Developing a highly transparent dry film resist system ready for UV-A/VIS exposure (λ=350-450 nm) and UV structuring with variable layer thicknesses for the production of optical components

The Troop project is developing a highly transparent dry film resist for the production of optical and opto-fluidic components that is suitable for UV long-wave exposure (at (λ>365 nm and λ>405 nm) and can be lithographically structured by modern, energy-efficient sources like LED and diode-based direct laser structuring. No such material is currently available in the market, despite the obvious advantages of dry film resists over liquid resists due to the easy and time-efficient layer formation by lamination over a broad range of layer thicknesses. Without the lengthy drying time needed to remove the solvents, the process is accelerated considerably and consequently more economical. Additionally, it facilitates the bridging or sealing of any cavities or channels, opening up many new opportunities for microfluidic applications. The highly transparent optical properties of the connected dry film resist structures enable the creation of microoptical components for sensors or for coupling and decoupling light signals.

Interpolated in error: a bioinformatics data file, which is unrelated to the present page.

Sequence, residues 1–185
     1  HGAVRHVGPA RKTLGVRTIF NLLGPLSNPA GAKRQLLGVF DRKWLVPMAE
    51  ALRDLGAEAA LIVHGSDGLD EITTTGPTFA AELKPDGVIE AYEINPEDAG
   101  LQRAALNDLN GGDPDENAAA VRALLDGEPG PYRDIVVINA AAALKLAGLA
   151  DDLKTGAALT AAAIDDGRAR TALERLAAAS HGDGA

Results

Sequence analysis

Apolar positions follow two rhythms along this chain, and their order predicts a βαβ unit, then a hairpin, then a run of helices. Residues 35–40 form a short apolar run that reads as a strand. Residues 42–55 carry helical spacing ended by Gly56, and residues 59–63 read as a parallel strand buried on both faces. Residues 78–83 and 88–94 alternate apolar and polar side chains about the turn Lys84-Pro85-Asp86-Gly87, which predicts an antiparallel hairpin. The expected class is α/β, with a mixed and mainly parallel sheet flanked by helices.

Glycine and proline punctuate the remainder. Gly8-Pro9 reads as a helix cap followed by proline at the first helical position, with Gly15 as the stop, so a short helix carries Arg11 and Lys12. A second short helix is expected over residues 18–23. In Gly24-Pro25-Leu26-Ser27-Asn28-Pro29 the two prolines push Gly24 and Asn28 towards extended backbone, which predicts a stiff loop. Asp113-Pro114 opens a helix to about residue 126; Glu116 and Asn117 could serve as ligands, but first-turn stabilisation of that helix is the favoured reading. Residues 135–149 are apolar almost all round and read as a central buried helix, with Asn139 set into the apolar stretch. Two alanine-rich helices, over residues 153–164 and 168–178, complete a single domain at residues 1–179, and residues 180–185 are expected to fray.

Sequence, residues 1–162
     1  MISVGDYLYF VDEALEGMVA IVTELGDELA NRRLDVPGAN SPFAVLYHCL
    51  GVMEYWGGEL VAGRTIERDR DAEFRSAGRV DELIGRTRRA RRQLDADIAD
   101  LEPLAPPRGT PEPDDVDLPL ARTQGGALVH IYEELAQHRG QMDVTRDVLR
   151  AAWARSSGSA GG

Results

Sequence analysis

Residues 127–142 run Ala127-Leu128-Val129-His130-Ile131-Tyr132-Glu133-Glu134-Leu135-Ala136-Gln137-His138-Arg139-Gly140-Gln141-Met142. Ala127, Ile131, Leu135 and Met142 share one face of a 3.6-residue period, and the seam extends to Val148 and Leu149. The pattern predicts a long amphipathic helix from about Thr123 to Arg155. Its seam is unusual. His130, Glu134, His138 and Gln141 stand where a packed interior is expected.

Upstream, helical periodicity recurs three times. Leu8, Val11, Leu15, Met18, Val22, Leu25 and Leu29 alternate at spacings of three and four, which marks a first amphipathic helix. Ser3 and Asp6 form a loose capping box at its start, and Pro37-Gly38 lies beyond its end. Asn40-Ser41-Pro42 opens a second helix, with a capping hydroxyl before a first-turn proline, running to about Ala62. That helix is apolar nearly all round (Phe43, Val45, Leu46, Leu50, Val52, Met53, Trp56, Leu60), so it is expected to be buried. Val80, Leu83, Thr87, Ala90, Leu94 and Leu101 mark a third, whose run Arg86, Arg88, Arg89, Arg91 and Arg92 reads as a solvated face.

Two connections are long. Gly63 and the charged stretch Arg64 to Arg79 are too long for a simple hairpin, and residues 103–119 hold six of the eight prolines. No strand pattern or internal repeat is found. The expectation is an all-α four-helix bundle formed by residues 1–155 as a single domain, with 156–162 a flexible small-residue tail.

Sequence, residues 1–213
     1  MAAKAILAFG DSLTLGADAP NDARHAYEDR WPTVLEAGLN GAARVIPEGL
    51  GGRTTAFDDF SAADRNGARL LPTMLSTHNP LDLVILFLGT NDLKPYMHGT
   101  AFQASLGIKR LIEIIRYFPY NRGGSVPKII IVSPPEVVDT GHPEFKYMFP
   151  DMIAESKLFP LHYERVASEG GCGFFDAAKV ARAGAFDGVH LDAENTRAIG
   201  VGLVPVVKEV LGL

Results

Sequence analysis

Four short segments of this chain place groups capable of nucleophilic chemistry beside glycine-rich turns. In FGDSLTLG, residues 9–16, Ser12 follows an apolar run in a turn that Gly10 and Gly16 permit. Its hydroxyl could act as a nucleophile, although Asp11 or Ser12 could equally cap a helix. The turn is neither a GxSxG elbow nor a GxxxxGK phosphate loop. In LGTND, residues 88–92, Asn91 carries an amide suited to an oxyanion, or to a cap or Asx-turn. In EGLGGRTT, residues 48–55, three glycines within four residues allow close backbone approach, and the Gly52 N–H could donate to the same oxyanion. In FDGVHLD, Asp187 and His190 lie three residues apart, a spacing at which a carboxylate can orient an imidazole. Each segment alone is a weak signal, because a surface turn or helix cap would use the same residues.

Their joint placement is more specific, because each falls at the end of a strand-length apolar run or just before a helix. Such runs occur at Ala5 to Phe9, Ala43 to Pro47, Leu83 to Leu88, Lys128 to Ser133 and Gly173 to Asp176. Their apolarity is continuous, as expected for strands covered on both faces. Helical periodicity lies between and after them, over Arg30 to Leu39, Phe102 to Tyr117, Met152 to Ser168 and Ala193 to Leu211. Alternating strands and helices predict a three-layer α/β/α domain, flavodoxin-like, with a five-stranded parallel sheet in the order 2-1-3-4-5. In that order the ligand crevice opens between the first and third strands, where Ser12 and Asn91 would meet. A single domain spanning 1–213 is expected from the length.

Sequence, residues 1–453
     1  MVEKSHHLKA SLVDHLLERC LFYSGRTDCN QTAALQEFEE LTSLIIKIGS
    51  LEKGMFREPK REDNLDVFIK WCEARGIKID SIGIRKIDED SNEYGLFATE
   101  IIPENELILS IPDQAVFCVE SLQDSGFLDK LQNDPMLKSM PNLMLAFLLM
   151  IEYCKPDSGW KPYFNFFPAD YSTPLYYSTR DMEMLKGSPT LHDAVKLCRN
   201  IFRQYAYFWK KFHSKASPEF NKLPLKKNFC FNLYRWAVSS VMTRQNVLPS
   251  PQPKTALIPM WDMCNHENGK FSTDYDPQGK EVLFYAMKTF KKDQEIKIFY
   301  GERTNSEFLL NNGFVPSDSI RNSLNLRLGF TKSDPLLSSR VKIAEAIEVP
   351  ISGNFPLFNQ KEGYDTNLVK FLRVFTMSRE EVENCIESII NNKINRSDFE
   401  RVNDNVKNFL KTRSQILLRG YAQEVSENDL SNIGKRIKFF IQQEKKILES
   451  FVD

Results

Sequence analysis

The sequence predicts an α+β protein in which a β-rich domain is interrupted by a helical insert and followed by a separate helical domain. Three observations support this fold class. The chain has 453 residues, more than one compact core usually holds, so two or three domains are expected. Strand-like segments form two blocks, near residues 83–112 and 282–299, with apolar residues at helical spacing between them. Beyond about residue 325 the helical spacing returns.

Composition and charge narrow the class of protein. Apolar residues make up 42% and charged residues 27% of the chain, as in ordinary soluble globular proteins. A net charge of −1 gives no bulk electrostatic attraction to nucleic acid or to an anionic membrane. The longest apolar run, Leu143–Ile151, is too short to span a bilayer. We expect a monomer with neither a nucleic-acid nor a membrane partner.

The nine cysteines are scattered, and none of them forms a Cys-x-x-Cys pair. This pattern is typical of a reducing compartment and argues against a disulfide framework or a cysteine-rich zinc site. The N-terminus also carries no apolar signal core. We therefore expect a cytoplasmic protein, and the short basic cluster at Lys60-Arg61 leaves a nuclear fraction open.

Funding Initiative:

Research, Innovation, and Technology Funding Program Pro FIT